North may be ready for a new nuclear test: NISNorth Korea has apparently completed preparations for another nuclear test at its Punggye-ri nuclear test site, according to a National Intelligence Service (NIS) report to the parliamentary intelligence committee on Monday.
Punggye-ri in Kilju County, North Hamgyong Province, is the location of four of North Korea’s previous nuclear tests.
“Preparations for a nuclear test have been completed at the No. 2 and 3 shafts at the Punggye-ri nuclear test site,” Democratic Rep. Kim Byung-kee, a member of the National Assembly’s intelligence committee, said through a briefing Monday, relaying the findings of the NIS report, “and there has been movement detected that indicates construction work has resumed at the No. 4 shaft since April, after excavation work was halted there last year.”
But in a statement later Monday, the NIS said North Korea “is maintaining a situation where it can conduct a nuclear test,” as opposed to having “completed preparation for a nuclear test.”
It added, “The shafts are being maintained so that North Korea’s Kim Jong-un can conduct a nuclear test with a short period of preparation whenever he makes a decision.”
The top spy agency, led by NIS Director Suh Hoon, gave a closed-door parliamentary briefing on Monday. The NIS was said it was preparing for the possibility of additional North Korean provocations during the ongoing Ulchi Freedom Guardian (UFG) joint exercises, as well as around Sept. 9, the Day of the Foundation of North Korea, according to Kim. The North conducted another ballistic missile test Tuesday.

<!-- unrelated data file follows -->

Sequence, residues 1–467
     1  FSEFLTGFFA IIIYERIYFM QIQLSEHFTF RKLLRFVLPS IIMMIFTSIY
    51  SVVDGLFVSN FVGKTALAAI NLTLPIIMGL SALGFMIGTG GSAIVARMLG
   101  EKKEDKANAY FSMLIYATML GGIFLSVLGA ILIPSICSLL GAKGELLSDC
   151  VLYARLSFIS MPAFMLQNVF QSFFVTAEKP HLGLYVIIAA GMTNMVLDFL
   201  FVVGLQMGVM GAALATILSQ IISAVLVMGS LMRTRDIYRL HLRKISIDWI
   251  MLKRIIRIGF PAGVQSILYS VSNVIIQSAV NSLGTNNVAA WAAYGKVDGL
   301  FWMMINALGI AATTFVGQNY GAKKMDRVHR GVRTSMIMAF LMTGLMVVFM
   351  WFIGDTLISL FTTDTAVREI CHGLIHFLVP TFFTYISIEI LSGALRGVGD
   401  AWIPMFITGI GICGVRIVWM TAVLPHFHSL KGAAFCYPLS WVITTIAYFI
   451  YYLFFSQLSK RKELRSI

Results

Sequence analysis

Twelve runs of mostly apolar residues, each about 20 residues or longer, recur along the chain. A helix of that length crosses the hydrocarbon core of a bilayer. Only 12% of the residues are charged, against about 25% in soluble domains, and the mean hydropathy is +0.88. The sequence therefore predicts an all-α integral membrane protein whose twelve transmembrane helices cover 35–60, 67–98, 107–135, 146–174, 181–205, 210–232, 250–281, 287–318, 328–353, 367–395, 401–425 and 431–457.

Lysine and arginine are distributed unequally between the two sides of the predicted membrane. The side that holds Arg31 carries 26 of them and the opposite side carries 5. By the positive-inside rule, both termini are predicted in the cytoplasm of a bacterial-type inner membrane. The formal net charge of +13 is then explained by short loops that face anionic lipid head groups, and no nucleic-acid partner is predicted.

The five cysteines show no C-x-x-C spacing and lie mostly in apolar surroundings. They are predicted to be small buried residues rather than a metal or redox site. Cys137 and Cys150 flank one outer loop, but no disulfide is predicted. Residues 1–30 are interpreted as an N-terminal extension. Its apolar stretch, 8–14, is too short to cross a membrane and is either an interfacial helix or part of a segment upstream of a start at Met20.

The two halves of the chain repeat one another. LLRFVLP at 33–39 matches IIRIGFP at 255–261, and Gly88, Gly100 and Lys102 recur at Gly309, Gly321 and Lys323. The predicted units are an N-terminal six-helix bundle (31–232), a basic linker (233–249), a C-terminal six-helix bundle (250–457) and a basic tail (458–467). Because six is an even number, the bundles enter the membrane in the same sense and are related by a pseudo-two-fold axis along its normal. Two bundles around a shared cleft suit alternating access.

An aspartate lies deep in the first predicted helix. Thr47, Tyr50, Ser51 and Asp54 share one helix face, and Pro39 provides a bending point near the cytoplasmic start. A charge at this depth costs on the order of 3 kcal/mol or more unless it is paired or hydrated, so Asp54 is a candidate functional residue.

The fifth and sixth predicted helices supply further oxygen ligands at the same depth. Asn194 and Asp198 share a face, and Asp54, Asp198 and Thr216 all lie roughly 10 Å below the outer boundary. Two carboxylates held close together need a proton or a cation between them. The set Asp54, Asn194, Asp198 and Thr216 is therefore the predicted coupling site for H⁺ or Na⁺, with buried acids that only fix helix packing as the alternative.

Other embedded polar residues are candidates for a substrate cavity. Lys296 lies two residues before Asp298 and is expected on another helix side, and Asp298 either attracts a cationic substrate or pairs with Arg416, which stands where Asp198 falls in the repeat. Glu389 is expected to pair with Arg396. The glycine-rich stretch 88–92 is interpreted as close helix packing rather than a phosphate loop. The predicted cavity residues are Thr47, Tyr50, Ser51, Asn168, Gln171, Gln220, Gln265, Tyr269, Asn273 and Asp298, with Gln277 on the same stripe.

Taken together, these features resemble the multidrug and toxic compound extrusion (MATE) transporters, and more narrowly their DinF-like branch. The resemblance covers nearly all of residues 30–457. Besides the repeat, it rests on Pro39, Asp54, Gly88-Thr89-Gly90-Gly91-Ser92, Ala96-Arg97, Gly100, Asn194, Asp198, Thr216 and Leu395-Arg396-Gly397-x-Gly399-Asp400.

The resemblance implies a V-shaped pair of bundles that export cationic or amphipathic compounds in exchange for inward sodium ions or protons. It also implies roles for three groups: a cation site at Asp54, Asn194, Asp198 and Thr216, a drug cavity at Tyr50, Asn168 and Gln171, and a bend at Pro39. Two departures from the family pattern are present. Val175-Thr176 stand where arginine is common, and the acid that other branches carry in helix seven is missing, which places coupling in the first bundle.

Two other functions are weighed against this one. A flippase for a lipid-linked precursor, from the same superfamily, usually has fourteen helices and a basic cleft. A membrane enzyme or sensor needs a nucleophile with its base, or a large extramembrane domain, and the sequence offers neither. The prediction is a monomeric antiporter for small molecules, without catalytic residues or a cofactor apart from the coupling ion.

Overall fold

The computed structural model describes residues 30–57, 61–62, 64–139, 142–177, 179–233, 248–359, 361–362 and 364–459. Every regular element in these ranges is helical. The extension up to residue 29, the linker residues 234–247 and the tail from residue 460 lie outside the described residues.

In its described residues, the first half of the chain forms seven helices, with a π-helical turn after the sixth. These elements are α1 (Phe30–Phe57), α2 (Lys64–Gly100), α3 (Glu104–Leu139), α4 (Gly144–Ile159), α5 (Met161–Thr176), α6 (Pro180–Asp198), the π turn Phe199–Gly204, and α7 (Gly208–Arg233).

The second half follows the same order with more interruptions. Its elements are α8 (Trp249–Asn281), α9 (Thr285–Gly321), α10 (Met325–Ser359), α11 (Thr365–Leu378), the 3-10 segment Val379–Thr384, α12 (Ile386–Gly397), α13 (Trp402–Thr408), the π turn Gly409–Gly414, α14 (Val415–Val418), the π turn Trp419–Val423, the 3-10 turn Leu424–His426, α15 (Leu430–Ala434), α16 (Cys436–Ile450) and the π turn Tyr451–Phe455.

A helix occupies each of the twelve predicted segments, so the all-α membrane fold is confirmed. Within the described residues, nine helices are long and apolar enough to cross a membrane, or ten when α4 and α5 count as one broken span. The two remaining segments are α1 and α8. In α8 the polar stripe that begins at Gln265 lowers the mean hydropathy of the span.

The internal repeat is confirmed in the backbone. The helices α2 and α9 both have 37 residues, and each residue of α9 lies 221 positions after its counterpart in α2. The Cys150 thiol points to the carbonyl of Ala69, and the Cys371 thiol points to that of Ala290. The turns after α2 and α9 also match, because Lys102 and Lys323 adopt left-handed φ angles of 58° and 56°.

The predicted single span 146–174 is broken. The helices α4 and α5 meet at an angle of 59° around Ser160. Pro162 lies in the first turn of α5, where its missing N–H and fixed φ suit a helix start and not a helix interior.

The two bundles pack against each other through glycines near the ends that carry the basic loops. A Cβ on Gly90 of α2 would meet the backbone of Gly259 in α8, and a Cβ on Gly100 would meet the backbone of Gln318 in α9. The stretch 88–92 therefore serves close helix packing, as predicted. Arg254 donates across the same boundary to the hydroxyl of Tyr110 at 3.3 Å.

North Korea was said to be on top alert during the UFG joint military drills between South Korea and the United States, which kicked of on Aug. 21 and runs to Friday.
Kim also said there have been activities detected related to North Korea’s submarine-launched ballistic missile (SLBM) and Hwasong-12 and Hwasong-14 missiles. He said there continues to be inspection activities of the North’s Sinpo-cass submarine at its Sinpo South Shipyard since late July, as well as active vehicular traffic detected at missile related facilities.
“Between July and August, Kim Jong-un had a total of 14 public activities,” said Rep. Yi Wan-young, a lawmaker of the opposition Liberty Korea Party and a member of the intelligence committee, “which is down from 29 during the same period the year before. He sees concentrating on missile activities as the ultimate gateway to reestablish a relationship with the United States, and is holding an indirect protest with its intercontinental ballistic missile (ICBM) development, according to NIS analysis.”
The North launched two ICBMs in July.
BY KIM HYOUNG-GU AND YOO SUNG-WOON [firstname.lastname@example.org]
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